It’s earnings season and public companies are announcing their earnings for the first quarter of the year. Viewing the headlines on which companies have met, surpassed, or fell short of analyst expectations got me to thinking about the art of managing expectations and how this is an invaluable skill for PR professionals, and generally in life. Whether the expectation is “Get me on GMA” or “I want a ring,” it’s human nature to want and to have those wants fulfilled. Unfortunately, things don’t always work in our favor and as a PR professional, sometimes a reality check for clients is in order. Let’s play a little game called “Realistic or Reaaallly?” that outlines scenarios looking at some of the expectations people—clients or friends—may have that make us scratch our heads.
Scenario 1: You’re meeting your platonic guy friend’s girlfriend for the first time. You’ve heard all about her and assume that since you and your friend have been friends since you were in diapers, that she’s totally psyched to meet you too. You arrive at the restaurant and greet her with a huge smile and gush “it’s so great to meet you!” as you’re going in for the hug. Not so fast! Honey is not feeling you. She gives you a no teeth fake smile and a “hey.” You’re taken aback by this and look at your friend who is visibly uncomfortable, but does nothing to make the situation better. You expect him to apologize, but he doesn’t and says you’re being difficult. Is your expectation realistic?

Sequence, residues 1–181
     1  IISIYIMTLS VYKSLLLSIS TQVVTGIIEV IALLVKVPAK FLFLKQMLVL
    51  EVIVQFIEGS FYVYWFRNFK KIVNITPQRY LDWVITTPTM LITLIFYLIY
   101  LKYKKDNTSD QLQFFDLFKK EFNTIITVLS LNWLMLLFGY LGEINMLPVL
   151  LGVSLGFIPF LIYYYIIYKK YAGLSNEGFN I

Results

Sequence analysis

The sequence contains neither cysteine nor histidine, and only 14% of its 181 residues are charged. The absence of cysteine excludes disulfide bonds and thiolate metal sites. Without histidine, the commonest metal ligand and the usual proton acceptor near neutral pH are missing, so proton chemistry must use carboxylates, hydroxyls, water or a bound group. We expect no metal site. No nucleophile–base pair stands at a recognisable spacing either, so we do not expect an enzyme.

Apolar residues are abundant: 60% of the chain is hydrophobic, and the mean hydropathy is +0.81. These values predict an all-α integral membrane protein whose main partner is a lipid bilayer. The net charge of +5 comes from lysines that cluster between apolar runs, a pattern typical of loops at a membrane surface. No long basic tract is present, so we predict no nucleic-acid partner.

Scenario 2: Your client has a huge launch on the books for months, then an unforeseen tragedy happens. Let’s say it’s the unfortunate earthquake and Tsunami in Fukushima, Japan. You advise against continuing with the launch, but the client insists despite your counsel. Because of the PR rockstar you are, you score an exclusive on what is essentially a product launch by tying a natural news hook to it. The story turns out to be an awesome article and is picked up by the online version of a very prominent news outlet, which has over 8 million unique visitors monthly, 6 million more than its print counterpart’s circulation. You explain to the client that in the age of iPad’s, Twitter and shrinking print readership, that this is a score. The clients reaction? “Uh, yeah ok, we need it in print.”
We may all handle these situations in different ways, but being anything less than honest (in a diplomatic way of course) when trying to navigate through unrealistic expectations is unacceptable. As good friends you should be able to share candid feelings with each other and as PR professionals or any professional for that matter, there is a responsibility to appropriately counsel your client even if your advice may not be well-received initially. REALISTIC or REAAALLY? You tell me. Leave me your thoughts in the comments section.